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Thread model (was: Ext2 superblock fault)

From: olafBuddenhagen
Subject: Thread model (was: Ext2 superblock fault)
Date: Tue, 11 Mar 2008 04:53:45 +0100
User-agent: Mutt/1.5.17+20080114 (2008-01-14)


On Sun, Mar 09, 2008 at 10:17:05PM -0400, Thomas Bushnell BSG wrote:
> On Mon, 2008-03-10 at 01:19 +0000, Samuel Thibault wrote:

> > This thread is syncing everything, i.e. asking a lot of writes,
> > which triggers the creation of a lot of threads.  Unfortunately the
> > superblock was paged out, so they all block on reading it.
> > Unfortunately, since in Debian there is a patch which limits the
> > number of created threads, the read of the superblock doesn't
> > actually create a new thread, that is delayed.  But since none of
> > the existing threads can progress (since they are all waiting for
> > the super block), things are just dead locked...
> As a general rule, the Hurd always assumes that an RPC can be handled;
> this is quite emebedded in the way diskfs works.
> A patch which limits the number of threads is inherently buggy in the
> Hurd, and that patch MUST be disabled for anything to work properly.

I'm glad this discussion came up at last: This is a very serious issue,
and your input is necessary.

The real problem here is that the current thread model of the Hurd
servers is fundamentally broken. Creating a new kernel thread for each
incoming RPC just doesn't work. The amount of incoming RPCs can be
pretty much unlimited, but kernel threads are a limited resource -- a
quite expensive resource, in fact.

And this is not a theoretical problem, but a very real one: On heavy
disk load, the filesystem server easily created hundreds, even thousands
of threads. During large compile jobs for example the Hurd was crashing
regularily with zalloc panics. And the problem became more and more
pressing with machines getting faster and disk space usage larger.

Another easy way to reproduce the problem is to create a process with
many children, each opening /dev/null many times (the number of open
files per process is limited, thus we need many children), and then
killing all the children quickly (e.g. by terminating the parent). With
some 30000 or so total open ports, this is guaranteed to result in a
zalloc panic -- the null server is hammered with dead name
notifications, resulting again in thread explosion.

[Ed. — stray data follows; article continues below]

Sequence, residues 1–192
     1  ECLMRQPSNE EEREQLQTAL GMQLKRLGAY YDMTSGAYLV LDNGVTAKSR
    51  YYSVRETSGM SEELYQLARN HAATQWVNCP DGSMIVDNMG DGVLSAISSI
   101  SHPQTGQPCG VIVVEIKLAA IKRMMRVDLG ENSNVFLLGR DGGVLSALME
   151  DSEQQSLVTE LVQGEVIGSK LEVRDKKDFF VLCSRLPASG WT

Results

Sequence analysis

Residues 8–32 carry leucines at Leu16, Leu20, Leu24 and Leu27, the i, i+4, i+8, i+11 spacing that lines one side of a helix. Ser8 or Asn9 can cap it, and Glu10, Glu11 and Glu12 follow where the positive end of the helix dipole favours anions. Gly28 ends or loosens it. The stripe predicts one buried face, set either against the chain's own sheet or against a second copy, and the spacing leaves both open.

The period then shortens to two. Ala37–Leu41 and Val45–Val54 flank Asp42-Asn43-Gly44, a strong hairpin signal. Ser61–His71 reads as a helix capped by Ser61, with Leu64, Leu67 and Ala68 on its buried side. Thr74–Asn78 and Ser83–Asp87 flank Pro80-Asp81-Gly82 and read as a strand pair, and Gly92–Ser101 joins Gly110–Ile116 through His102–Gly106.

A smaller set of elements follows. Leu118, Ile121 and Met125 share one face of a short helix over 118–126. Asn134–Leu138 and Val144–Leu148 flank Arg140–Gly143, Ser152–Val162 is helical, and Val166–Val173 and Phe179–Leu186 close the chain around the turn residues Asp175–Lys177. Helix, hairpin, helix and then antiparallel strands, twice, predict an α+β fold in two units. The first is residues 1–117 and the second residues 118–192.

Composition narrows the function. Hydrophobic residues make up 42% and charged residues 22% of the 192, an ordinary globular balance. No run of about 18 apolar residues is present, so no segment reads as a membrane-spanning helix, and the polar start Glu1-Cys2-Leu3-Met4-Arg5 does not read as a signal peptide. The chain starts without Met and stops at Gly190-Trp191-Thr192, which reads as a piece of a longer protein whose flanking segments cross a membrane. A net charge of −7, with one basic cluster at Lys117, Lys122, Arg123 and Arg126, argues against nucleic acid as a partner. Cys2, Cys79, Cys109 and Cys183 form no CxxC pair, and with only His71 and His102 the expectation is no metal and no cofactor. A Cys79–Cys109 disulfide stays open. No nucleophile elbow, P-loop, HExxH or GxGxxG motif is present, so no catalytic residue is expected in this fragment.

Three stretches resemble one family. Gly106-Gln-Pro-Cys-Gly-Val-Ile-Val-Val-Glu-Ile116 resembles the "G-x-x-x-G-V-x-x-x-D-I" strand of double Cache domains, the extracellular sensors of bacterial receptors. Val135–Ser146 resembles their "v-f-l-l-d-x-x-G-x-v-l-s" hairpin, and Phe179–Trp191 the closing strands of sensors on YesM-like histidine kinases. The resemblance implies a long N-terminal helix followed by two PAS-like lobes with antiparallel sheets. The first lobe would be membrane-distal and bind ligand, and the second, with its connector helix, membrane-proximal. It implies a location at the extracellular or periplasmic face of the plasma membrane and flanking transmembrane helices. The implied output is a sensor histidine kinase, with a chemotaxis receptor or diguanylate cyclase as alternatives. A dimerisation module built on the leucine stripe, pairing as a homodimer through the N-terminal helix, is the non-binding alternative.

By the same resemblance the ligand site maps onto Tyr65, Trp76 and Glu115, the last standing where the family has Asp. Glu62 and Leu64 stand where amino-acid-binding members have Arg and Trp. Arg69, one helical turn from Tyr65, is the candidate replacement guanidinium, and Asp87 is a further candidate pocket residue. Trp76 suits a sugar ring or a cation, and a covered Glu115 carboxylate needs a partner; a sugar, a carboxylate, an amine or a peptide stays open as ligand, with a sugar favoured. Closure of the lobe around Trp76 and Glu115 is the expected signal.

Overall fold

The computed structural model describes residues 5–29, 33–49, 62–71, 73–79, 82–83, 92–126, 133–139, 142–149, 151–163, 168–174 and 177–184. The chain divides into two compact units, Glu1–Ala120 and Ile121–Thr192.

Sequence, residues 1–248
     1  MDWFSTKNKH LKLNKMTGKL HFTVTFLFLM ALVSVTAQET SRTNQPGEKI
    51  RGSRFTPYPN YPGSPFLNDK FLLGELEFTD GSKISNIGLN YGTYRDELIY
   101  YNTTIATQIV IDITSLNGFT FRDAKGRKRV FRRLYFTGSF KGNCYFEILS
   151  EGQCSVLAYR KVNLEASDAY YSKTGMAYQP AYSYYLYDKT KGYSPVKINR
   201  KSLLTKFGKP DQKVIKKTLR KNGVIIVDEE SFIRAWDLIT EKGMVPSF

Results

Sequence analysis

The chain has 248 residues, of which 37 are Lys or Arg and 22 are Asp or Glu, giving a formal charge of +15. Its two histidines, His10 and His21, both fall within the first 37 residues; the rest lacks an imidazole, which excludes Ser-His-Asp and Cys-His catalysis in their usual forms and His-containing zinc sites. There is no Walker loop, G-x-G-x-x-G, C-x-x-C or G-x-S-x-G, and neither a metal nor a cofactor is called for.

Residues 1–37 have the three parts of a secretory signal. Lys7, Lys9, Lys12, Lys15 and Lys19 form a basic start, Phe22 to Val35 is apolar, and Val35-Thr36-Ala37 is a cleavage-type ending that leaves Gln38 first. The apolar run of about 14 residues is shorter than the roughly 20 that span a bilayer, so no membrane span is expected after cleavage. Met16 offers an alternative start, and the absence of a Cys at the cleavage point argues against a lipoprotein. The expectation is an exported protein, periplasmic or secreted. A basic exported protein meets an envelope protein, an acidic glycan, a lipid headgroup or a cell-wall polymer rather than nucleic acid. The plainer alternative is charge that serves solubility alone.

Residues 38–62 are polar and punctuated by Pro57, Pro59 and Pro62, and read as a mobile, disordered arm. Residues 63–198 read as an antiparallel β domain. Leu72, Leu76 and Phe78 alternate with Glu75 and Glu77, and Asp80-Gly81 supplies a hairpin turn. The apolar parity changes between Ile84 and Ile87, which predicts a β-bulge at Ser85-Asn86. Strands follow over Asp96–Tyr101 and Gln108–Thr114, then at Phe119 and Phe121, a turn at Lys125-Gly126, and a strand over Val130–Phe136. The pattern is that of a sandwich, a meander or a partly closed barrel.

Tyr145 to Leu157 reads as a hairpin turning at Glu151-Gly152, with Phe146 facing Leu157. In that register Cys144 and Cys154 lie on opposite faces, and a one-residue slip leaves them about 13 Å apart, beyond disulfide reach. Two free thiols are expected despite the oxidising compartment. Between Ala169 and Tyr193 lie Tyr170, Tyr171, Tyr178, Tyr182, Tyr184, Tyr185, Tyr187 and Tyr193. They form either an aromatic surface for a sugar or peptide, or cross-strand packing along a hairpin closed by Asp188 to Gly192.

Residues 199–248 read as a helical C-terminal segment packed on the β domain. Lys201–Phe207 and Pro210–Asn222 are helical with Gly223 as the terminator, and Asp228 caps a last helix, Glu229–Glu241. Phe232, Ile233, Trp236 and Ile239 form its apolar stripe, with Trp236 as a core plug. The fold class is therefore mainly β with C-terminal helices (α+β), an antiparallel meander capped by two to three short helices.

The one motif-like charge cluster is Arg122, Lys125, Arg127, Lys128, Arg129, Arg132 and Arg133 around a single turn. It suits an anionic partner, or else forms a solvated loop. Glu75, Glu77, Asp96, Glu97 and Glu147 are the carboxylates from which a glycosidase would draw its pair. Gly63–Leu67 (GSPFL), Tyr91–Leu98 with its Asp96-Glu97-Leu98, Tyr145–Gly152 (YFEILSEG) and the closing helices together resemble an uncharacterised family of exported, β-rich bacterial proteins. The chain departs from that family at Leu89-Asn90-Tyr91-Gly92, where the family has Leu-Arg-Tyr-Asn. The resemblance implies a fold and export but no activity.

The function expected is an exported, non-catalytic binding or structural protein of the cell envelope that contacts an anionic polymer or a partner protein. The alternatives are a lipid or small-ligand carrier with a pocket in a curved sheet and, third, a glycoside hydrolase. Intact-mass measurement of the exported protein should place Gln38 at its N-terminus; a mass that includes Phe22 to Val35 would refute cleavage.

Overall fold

When these issues became known, Sergio Lopez implemented a hack that
simply limits the number of thread created by each single server to a
fixed amount. When more RPCs come in, they won't be handled until some
of the threads becomes free.

While this patch did wonders for stability under load, and no problems
showed at first, it immediately struck me as having potential for
causing deadlocks. When I pointed that out, Sergio made a slight
modification: Rather than completely disabling creation of new threads
once the limit is reached, each further thread becomes active only after
idling for two seconds -- so additional threads get created very slowly.

I never was happy with that solution(?), and suggested a more adaptive
approach: Keep track of the existing threads, and if none of them makes
progress in a certain amount of time (say 100 ms), allow creating some
more threads. But that was never implemented. Also, it still might cause
considerable delays in some situations; and I'm not even sure it would
fix all problems. (I didn't fully understand the problem discussed in
this thread, so I don't know whether it would be fixed by that?)

And anyways, it still would be just an ugly workaround. The real
solution here of course is to fix the thread model -- using some kind of
continuation mechanism: Have a limited number of threads (ideally one
per CPU) handle incoming requests. Whenever some operation would require
blocking for some event (in the case of diskfs, waiting for the
underlying store to finish reading/writing), the state is instead saved
to some list of outstanding operations, and the thread goes on handling
other requests. Only when the event completes, we read the state back
and continue handling the original request.

Of course, that will be a major change; it requires modification of
considerable parts of the Hurd servers. But it seems the only way to
handle this properly. What do you think?

I wonder whether I should add this to the list of project ideas for


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